The other day we took a ride up to Joshua Tree National Park with a couple of new friends who had never been to the park before. It’s always fun to introduce people to Joshua Tree, both because it’s one of our favorite places, and because people are always so amazed by it.
The park is celebrating its 75th anniversary this year. It was first established as Joshua Tree National Monument in 1936, and was elevated to National Park status on October 31, 1994. It’s definitely a study in contrasts. Elevations in the park range from a low of 536 feet to a high of 5,814 feet and encompass almost 800,000 acres.
It’s hard to pick a favorite area within the park, but if we just had to, it would probably be (at least for me) the Jumbo Rocks area near the 29 Palms Entrance. This area, punctuated by boulders the size of office buildings that are piled up on top of each other, look like nothing so much as a set from the Flintstones (maybe that’s even where the animators got their inspiration for Bedrock).
In any event, geologists believe these giant granite boulders were born more than 100 million years ago, and slowly emerged from the earth as wind and water eroded the soil around them. Seems like a plausible explanation, especially when you look at other areas of the park where the process exists in less finished stages, but it’s hard to imagine the amount of time required to change a landscape so dramatically.
The Joshua Tree forests themselves also tend to amaze people – especially those from the East Coast. Joshua Trees, for anyone who hasn’t seen them, look like giant Yucca plants that have grown up to be tree-size, with multiple branches coming out of a single central stalk. There’s just nothing quite like seeing an entire landscape filled with thousands of Joshua Trees, especially when they are blooming (which has, by the way, just begun).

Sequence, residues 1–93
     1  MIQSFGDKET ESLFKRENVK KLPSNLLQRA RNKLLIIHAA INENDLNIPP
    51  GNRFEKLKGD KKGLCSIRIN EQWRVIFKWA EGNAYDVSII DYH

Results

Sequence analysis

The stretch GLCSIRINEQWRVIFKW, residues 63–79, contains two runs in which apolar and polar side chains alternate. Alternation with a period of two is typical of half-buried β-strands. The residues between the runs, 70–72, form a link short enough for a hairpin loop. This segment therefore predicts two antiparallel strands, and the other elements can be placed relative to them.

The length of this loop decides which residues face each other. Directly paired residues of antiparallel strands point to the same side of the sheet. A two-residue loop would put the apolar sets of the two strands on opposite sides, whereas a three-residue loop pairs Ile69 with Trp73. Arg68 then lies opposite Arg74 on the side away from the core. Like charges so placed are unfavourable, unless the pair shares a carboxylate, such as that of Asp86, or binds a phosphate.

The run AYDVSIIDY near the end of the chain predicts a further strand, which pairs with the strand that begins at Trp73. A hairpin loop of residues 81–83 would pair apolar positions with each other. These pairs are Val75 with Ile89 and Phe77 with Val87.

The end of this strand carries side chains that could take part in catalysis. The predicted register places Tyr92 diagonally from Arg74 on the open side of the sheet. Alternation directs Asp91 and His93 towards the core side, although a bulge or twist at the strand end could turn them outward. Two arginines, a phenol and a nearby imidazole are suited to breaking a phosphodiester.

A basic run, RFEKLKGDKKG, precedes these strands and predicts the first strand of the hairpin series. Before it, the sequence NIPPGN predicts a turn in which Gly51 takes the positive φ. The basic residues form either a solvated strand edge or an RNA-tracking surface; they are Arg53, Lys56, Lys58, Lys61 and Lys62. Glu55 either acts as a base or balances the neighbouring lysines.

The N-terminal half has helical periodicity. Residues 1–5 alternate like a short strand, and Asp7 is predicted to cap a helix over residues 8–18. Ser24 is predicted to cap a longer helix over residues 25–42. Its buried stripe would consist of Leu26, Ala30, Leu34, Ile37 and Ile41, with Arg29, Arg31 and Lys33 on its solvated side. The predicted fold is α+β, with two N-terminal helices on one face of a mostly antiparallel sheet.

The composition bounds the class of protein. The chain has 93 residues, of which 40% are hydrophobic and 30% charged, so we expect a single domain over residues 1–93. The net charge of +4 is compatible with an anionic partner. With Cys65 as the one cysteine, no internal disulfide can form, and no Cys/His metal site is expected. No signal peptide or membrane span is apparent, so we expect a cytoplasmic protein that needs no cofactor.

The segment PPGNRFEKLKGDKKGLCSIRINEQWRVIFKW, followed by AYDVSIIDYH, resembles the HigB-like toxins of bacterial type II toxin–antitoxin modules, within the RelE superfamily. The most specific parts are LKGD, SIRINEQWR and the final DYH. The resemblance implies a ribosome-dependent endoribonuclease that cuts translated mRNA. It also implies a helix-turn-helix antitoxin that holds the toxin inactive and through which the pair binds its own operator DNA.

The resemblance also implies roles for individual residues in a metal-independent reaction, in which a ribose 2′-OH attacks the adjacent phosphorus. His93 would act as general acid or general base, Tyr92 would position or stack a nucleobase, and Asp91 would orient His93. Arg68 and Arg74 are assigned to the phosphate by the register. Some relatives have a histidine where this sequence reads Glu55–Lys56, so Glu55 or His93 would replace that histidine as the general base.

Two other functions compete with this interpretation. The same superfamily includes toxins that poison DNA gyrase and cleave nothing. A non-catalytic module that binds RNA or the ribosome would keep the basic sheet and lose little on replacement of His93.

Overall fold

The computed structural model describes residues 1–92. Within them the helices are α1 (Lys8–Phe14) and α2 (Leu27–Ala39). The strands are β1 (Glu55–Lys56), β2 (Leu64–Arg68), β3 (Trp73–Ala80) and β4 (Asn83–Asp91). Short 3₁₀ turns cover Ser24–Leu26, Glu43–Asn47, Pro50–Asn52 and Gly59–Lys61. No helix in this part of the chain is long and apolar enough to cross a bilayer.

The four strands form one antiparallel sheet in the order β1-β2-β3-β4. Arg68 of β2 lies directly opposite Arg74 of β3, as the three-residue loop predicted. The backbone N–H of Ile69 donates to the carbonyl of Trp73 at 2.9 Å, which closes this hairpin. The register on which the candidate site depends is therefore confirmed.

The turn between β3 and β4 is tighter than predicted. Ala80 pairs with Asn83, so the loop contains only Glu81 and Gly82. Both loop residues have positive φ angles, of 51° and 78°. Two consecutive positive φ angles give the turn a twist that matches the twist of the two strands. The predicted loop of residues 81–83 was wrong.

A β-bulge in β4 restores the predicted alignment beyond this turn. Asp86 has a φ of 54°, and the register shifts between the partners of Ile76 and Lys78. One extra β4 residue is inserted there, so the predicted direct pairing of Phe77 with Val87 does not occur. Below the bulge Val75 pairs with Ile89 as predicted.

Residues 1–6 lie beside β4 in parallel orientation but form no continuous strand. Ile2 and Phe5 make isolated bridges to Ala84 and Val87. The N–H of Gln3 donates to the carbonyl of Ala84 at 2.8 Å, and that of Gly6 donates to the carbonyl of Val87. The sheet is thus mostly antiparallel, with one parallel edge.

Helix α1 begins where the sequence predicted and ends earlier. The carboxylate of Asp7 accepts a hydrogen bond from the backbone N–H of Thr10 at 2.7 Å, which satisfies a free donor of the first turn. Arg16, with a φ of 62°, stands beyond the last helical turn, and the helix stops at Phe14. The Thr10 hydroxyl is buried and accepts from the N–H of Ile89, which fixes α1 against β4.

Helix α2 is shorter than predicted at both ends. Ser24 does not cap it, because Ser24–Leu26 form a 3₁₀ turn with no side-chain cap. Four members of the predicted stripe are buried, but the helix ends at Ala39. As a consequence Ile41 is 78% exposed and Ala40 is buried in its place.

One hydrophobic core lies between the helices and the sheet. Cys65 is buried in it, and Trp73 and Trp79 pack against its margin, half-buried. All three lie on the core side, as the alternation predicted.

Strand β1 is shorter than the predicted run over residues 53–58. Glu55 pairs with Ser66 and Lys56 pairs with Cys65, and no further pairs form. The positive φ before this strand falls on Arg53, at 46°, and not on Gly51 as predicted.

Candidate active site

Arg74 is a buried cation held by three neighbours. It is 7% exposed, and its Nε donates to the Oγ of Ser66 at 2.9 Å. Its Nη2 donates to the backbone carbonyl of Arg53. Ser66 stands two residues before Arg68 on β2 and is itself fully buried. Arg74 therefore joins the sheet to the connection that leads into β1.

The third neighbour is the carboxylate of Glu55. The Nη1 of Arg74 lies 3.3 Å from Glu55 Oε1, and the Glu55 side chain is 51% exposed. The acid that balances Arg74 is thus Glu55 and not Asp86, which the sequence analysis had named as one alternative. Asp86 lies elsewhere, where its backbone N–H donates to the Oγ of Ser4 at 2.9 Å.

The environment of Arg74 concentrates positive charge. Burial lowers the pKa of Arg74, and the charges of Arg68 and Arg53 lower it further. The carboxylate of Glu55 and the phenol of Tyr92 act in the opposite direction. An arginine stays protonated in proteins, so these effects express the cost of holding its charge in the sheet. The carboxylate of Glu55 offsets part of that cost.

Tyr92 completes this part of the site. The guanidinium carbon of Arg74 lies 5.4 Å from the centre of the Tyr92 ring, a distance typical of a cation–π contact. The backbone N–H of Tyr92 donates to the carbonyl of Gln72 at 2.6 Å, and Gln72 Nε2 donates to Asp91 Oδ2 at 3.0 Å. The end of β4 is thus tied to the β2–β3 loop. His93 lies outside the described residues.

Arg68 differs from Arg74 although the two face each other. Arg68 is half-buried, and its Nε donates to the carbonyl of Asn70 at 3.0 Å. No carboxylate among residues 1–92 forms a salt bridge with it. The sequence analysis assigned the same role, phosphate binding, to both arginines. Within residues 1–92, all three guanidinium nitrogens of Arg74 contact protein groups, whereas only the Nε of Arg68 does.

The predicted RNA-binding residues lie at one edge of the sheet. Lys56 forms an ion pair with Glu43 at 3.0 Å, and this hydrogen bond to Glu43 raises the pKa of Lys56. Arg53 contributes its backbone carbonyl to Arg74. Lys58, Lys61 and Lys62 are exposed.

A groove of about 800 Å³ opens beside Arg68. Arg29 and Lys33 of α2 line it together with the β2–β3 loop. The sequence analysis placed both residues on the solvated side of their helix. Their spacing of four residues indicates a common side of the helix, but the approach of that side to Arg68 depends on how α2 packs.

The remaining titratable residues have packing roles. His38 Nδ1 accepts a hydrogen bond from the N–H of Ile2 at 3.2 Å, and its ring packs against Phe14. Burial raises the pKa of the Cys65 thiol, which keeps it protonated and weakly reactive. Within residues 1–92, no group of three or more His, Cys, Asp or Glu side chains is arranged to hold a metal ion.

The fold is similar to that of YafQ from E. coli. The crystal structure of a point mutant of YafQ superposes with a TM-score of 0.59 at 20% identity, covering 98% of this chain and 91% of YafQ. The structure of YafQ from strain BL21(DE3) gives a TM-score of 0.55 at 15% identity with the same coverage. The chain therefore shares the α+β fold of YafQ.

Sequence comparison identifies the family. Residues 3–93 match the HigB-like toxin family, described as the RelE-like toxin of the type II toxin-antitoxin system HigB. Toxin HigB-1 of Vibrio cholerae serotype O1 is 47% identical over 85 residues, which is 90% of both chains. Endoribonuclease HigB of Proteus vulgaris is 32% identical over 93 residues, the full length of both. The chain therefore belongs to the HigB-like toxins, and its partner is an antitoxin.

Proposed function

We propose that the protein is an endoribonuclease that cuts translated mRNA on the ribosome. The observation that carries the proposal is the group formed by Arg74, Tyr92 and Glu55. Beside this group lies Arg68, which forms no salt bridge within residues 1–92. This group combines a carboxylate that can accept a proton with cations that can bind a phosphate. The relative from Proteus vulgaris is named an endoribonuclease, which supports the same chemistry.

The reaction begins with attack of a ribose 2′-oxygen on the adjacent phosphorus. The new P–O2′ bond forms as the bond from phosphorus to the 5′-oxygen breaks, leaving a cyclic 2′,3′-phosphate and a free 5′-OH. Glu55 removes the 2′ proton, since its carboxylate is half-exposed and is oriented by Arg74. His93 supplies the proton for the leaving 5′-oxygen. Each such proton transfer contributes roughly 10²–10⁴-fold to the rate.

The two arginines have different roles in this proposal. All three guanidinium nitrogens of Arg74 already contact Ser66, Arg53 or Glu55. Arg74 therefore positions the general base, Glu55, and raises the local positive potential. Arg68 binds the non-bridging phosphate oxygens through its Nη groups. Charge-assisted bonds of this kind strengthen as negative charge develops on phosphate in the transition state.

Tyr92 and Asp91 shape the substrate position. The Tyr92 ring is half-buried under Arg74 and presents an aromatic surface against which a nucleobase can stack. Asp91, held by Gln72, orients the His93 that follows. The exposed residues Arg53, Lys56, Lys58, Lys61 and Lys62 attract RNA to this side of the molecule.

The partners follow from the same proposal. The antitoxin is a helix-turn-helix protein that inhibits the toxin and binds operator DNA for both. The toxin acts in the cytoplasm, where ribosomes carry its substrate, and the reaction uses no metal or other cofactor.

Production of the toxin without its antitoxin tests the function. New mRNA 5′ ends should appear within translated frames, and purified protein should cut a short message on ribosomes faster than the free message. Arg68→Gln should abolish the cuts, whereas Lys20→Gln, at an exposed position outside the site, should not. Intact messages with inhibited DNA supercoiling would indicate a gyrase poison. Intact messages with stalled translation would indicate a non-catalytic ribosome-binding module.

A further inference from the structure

Wildflower season is still a couple of weeks away this year in Joshua Tree, but you can already see the signs that it’s going to be a great wildflower season. The ground is still damp, and all sorts of green plants have emerged. Desert blooms are always spectacular, and the ones in the Joshua Tree National Park are no exception. For the best wildflower watching, we generally recommend that people enter at the Cottonwood entrance (East of Palm Springs on Interstate 10). Cottonwood starts out in the low desert and climbs up gradually. Each new elevation brings a new group of wildflowers and cacti, along with a new and often vibrant color palate.
Each time we visit Joshua Tree National Park, we try to check out a new turn-off, and there are hundreds of them. We also like to visit favorites like Split Rock, Skull Rock, Hidden Valley and Key’s View (where, if it’s really clear, you can see the Salton Sea, and all the way to Mexico). Makes it tough, because as we add new favorites, each visit takes longer!